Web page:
Mike Konczal suggests Paul's commitment to federalism kneecaps his ability to take on mass imprisonment:
When researchers run statistics over state-level incarceration rates, they find things like "controlling for social disorganization, religious fundamentalism, political conservatism, and violent crimes, the results show that Republican strength [in state governments]…lead to higher imprisonment rates. Statistical interactions support predictions that these relationships became stronger after greater Republican stress on law and order." States with a Republican governor and Republican legislatures show a greater increase in incarcerated populations, and that the effect is stronger in the 1990s. Institutions like ALEC were most effective at the state level in changing laws to bias towards longer sentencing. State laws are crucial to understanding the massive run-up in mass incarceration, and that is where much of the battle will be.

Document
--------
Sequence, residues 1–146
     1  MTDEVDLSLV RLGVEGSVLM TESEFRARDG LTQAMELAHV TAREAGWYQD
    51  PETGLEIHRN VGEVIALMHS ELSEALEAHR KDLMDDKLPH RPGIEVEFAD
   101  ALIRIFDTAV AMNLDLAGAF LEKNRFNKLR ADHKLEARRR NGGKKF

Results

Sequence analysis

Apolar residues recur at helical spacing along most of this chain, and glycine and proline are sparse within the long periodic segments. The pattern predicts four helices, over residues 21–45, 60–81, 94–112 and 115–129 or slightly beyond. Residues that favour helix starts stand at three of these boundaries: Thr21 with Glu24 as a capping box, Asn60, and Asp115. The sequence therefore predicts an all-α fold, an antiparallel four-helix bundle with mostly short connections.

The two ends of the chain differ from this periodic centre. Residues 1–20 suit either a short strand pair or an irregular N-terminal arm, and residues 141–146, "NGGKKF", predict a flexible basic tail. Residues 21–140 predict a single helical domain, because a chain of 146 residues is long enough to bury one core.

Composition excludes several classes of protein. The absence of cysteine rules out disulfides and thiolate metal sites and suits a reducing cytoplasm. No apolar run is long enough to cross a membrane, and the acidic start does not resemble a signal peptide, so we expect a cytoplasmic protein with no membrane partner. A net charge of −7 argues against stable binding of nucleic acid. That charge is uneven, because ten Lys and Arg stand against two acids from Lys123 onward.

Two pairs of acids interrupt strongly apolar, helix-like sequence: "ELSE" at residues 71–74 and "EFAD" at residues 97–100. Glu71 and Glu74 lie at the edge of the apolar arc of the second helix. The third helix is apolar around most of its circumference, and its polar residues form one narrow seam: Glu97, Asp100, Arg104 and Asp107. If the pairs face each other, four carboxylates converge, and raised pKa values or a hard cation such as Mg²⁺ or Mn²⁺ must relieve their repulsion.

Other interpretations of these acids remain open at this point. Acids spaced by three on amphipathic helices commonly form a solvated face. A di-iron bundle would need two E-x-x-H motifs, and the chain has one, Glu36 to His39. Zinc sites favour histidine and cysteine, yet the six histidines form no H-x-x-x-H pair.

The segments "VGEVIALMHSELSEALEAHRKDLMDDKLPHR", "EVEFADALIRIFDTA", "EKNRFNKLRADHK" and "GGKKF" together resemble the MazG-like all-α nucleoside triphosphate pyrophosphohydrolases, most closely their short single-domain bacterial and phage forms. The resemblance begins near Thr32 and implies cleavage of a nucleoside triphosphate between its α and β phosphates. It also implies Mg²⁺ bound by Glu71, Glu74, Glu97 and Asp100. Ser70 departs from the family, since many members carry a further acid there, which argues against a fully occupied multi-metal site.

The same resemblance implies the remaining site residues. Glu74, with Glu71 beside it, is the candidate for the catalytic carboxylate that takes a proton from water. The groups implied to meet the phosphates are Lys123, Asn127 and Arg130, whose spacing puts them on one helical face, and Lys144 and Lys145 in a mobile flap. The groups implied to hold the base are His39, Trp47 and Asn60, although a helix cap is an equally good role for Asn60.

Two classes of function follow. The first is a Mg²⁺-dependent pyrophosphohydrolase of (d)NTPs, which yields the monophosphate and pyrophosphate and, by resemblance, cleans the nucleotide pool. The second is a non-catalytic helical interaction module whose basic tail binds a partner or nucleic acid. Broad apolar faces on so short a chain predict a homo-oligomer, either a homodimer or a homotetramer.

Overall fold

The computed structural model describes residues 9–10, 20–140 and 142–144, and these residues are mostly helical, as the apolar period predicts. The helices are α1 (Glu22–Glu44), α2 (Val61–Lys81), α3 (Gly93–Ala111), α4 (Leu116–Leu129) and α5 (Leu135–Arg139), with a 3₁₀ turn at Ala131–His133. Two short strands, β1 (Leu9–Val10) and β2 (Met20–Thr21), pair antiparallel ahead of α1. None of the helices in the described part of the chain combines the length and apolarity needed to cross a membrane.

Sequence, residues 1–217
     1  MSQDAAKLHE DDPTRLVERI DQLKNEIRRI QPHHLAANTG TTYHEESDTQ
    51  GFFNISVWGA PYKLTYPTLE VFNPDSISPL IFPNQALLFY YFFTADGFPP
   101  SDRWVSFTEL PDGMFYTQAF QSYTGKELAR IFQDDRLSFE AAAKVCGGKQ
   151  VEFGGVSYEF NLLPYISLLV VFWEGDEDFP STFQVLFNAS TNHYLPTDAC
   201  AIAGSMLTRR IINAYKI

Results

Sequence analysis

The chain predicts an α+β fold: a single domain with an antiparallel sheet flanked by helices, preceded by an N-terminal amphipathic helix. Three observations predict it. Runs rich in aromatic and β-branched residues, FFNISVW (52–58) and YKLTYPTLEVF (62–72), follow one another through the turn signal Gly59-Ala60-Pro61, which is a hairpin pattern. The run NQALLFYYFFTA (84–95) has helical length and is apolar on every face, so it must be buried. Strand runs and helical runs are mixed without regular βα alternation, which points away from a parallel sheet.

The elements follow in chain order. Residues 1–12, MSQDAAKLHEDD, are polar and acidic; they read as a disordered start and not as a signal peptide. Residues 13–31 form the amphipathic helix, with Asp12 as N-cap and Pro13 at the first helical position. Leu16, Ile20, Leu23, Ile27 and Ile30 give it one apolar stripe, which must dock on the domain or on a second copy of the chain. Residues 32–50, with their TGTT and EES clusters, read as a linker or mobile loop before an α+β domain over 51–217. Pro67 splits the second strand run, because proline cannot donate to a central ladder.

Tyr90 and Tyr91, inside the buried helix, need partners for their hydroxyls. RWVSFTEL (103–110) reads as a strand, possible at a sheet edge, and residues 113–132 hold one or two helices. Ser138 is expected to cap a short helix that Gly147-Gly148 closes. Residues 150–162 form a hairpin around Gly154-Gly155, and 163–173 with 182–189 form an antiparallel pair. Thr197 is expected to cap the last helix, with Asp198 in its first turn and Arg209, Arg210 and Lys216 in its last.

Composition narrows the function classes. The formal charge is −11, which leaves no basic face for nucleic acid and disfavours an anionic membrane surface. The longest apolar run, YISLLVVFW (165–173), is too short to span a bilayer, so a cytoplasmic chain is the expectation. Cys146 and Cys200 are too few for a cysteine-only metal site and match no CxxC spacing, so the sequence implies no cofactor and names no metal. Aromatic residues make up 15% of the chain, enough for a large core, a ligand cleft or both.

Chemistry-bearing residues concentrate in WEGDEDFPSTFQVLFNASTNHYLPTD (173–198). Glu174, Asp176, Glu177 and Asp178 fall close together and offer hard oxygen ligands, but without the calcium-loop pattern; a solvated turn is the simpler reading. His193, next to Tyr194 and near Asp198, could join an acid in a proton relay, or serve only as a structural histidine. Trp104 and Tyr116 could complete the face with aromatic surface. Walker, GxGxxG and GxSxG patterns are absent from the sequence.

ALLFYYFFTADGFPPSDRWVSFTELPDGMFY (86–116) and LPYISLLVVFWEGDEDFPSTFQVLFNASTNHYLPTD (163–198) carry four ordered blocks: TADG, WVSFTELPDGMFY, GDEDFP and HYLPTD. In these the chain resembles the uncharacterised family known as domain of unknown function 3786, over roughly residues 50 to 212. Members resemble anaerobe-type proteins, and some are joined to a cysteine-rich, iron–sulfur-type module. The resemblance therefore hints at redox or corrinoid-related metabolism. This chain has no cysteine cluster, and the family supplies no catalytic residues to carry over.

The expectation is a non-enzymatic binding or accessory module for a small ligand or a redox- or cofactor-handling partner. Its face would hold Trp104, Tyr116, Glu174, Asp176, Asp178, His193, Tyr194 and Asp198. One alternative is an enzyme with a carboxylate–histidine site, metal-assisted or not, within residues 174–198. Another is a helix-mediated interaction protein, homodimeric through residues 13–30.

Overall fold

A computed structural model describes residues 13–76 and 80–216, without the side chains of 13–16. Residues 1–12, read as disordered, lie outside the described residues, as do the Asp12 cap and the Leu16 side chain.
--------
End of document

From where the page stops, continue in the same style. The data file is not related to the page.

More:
There’s a lot to be done at the federal level, but any serious critique of mass incarceration needs to tackle the states, and the federal level will need to play a part in it.
Damon Root thinks the "state rights" position is, in some ways, fundamentally unlibertarian.